How to Book More C&I loans

Most community banks are interested in booking local C&I loans but are unable to generate meaningful outstanding balances. There are a number of reasons for this lack of C&I loan generation: first, most banks simply do not see much C&I demand in their local market; second, the C&I loan market is very competitive (both in pricing and structure); third, much of the C&I loan demand is unfunded lines of credit, so those facilities do not create outstanding balances; and fourth, the average stickiness of these loans is very low and borrowers easily move the loan from one bank to the next in search of better pricing or more advantageous structure. 

However, there is one often overlooked area where community banks can generate meaningful and profitable C&I loans: an A/B structure for owner-occupied credits. Here, the A facility is a term loan used to finance the real estate and the B facility is a revolver or asset-based loan used to finance receivables, inventory or equipment.

Historical Perspective

The graph below shows C&I loans as a percentage of the total loan portfolio for all banks in the country between $100mm to $10B in assets, from 1990 to 2015. Two observations are noteworthy: first, C&I loans are a relatively small portion of these banks’ loan portfolio, and two, the C&I loan portfolios are declining as a percentage of the entire loan book. Neither facts are positive for our industry where many community banks are looking to diversify their loans away from investor CRE.

C&I Loan Production

Community Bank’s Response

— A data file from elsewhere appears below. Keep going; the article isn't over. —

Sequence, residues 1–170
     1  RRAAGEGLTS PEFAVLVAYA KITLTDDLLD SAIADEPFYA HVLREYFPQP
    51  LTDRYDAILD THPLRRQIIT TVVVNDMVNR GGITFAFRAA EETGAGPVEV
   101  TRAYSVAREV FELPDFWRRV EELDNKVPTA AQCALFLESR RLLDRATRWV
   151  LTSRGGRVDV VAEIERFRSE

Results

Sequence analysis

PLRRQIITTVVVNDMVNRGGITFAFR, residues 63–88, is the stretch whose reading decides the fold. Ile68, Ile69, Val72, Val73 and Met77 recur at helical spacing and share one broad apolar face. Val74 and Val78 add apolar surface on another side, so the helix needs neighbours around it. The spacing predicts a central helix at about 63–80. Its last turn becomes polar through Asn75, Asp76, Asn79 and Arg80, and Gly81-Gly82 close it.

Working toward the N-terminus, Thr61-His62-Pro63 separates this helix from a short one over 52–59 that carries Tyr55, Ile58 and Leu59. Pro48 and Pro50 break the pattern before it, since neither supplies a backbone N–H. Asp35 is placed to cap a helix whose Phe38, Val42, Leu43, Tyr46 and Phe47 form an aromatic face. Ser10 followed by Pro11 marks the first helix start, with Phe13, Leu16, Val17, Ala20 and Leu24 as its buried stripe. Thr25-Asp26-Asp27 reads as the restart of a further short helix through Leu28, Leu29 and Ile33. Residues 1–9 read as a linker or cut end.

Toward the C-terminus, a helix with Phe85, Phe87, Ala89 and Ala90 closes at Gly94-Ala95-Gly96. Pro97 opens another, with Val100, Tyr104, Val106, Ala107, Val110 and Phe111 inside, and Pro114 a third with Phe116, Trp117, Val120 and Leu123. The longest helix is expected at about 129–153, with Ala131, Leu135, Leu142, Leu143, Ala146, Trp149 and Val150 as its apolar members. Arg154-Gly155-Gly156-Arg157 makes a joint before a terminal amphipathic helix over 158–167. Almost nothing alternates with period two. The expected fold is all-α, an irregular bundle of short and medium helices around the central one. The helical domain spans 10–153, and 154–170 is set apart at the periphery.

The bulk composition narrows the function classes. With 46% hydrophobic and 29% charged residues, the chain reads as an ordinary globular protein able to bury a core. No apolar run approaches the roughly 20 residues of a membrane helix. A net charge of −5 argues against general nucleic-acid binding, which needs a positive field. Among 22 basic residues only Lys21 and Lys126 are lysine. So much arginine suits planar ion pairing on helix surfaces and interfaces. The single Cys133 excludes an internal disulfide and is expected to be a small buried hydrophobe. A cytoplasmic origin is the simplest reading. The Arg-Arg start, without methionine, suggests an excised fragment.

In an effort to generate more C&I loan business, some community banks have hired seasoned C&I loan specialist.  We meet with many bankers every week, and our observation is that this strategy has produced relatively meager results for many community banks for the following reasons:

 

  1. While any bank can hire a C&I loan “rainmaker”, most banks cannot change their credit culture that easily.  We often hear these C&I loan specialists lament that they were hired to bring strong C&I borrowers to the bank, but when they submit their loans for approval the credit officer continues to look for the real estate collateral to accompany the request.  Worst still, even the CEO who hired the C&I loan specialist will insist on “real collateral” (meaning real estate) to secure the loan.
  2. Many community banks lack the treasury and commercial management services that serve as the mortar that keeps the borrower at the bank.  Without the back-end cash management services that bind the borrower’s business to the bank, the customer will move from one bank to another frequently.  This results in high overhead costs, decreasing margins and low profitability – a frustrating experience for executives and lenders alike.
  3. As with most loans, the smaller C&I credits are least profitable.  The real C&I plum business is the larger and more complicated credits.  These larger borrower relationships have more borrowing needs, larger loan outstandings and substantial transactional fee business.  Unfortunately, many community banks are unable to accommodate credits that require single borrower exposures approaching $10, $20 or in some cases $30mm.